Return on Investment

In 1940 an average American farmer could feed 19 people. Today the average farmer feeds 155 people. The growth in agricultural productivity over the past 70 years can be attributed largely to investments in agricultural research and technology development [USDA n.d.]. Research results reach the farmer through the Cooperative Extension Service. PSA’s two regulatory agencies help ensure that animal and plant agriculture is safeguarded from diseases and other injurious pests. Our mission focuses on South Carolina’s $34 million agriculture and forestry industry and natural resources. Agriculture and forestry exceed tourism as the state’s number one industry, employing 200,000 people (Miley, Gallo & Associates, 2008).

PSA’s Experiment Station research and Extension outreach of that research to our clients and regulatory programs are the keys to economic development and job creation throughout the state.

 Powerful Impacts and Return on Investment

  • Ninety-nine percent return on dollars invested in agricultural research and 84.6% return on dollars invested in cooperative extension programs (Alston et al. 2000). Huffman and Evanson (1993) rank South Carolina as the 4th in the nation on converting agricultural research dollars into revenue for the state.
  • According to a 2012 study conducted by Clemson’s Strom Thurmond Institute for Government and Public Affairs, PSA accounted for 1,756 jobs statewide, $133.4 million in economic output, $9.6 million in net local government revenue, and $13 million in net state revenue in 2010.
  • The Home and Garden Information Center and other PSA Websites generated 2.3 million PSA website visits in 2011-12 assisting people.
  • 4-H youth, by grade 8, are 1.6 times more likely to attend college than their peers and are ranked 41% lower in risk/problem behaviors measures (Lerner et al. 2008).
  • $16 million annual personal-income impact through 4-H programs that encourage leadership and educational achievement and discourage risky behaviors – based on 5% increase in the number of 4-Hers earning an undergraduate degree versus high school diploma only (Battelle, 2004).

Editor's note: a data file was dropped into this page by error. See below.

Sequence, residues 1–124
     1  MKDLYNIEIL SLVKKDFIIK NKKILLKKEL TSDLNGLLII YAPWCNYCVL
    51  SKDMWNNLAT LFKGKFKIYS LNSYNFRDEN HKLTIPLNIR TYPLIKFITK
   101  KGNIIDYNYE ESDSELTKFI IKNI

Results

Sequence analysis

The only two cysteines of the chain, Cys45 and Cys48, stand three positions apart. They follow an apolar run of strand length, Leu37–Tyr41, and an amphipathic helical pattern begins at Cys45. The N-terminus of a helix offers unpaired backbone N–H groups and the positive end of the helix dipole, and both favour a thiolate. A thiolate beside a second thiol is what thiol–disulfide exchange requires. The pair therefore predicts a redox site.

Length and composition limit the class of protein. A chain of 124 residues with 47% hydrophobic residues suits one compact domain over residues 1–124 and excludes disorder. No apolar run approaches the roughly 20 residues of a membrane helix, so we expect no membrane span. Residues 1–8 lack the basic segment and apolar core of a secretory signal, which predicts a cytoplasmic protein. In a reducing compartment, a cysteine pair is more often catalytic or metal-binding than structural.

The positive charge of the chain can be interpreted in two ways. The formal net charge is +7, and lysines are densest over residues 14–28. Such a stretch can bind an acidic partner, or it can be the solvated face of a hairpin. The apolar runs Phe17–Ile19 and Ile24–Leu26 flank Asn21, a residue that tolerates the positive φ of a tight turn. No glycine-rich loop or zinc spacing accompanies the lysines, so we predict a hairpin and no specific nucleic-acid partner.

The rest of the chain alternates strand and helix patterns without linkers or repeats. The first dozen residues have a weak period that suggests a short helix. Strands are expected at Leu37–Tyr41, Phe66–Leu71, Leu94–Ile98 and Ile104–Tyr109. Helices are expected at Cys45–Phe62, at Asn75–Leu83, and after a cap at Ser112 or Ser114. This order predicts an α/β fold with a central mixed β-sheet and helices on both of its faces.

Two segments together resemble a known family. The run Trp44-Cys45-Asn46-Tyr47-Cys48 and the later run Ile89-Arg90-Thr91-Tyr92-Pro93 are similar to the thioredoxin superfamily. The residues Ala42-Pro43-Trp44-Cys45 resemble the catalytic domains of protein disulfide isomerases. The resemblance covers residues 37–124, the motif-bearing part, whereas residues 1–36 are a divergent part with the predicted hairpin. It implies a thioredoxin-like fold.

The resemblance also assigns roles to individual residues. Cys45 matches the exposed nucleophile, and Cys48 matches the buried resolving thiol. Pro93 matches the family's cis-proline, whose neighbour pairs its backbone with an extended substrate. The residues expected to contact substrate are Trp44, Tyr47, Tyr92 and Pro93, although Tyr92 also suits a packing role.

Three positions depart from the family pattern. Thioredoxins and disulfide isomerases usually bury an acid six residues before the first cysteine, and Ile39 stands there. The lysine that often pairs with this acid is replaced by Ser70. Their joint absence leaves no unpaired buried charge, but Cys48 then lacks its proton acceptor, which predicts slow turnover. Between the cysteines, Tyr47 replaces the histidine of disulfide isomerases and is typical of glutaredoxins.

• Agents covering 46 county extension offices deliver 9,737 programs reaching over 143,122 people this year including commercial growers, livestock producers, forest and natural resource managers, institutional food services, homeowners and families across the state.
  • Animal and plant production is protected by regulatory programs that mitigate disease and non-native species introductions that cost the US over $138 billion in annual losses (Pimentel et al., 1999).
  • Clemson guidelines save cotton growers $7 million a year in insect management costs.
  • Thresholds and spray techniques developed by Clemson scientists could save SC soybean growers $22 million in losses caused by the kudzu bug.
  • SC peanut growers can earn an additional $7.5 million by following optimal digging guidelines outlined by Clemson researchers.
  • Decades ago, large piles of used pesticide containers littered the SC landscape. Since the beginning of an aggressive Regulatory Services program over 2.4 million pounds of pesticide containers have been recycled.
  • Veterinary Diagnostic Center completed 87,121 tests and procedures during FY11-12 in performing its animal and food safety diagnostic duties protecting the $6 billion SC animal industry.

Science. Service. Solutions. Return on Investment: Major Units                    

  • Clemson Experiment Station scientists work to improve the quality of life for people in South Carolina, the nation and the world by providing science-based information on major issues facing decision makers. Research is conducted in laboratories, farms, and forests on the Clemson campus and at five Research and Education Centers strategically located in the state's distinct soil and climate regions. Areas of study include: animal production, horticultural crops, agronomic crops, biotechnology, food safety and nutrition, community and economic development, water quality and quantity, and forest and natural resources.
  • Cooperative Extension Service meets the diverse needs of South Carolina citizens by delivering research-based information in agriculture, the environment, food safety & nutrition, economic & community development, and youth & families. South Carolina's citizens and PSA’s stakeholders have direct input into decisions of the Extension System through statewide planning efforts and the needs identification process.
  • 4-H Youth Development programs provide leadership, citizenship and life skills training to prepare the state’s workforce to compete in a knowledge-based economy.
  • Livestock-Poultry Health Programs ensure the health and safety of livestock/poultry industries and companion animals, and protect the meat supply and public health of South Carolinians.
  • Regulatory Services protect the state from exotic and invasive species, ensure that pesticides are used safely, regulate the structural pest control industry, verify that fertilizer and lime meet standards and labeled guarantees, conduct programs for seed and organic certification, provide diagnosis of plant pests, and ensure readiness to respond to an agroterrorism event impacting the state’s agriculture.
  • PSA Institutes conduct research and outreach in economic and community development, forest and natural resources, family and neighborhood life, and youth. Clemson initiated a two-year plan beginning in 2010 to remove state support for certain institutes associated with PSA.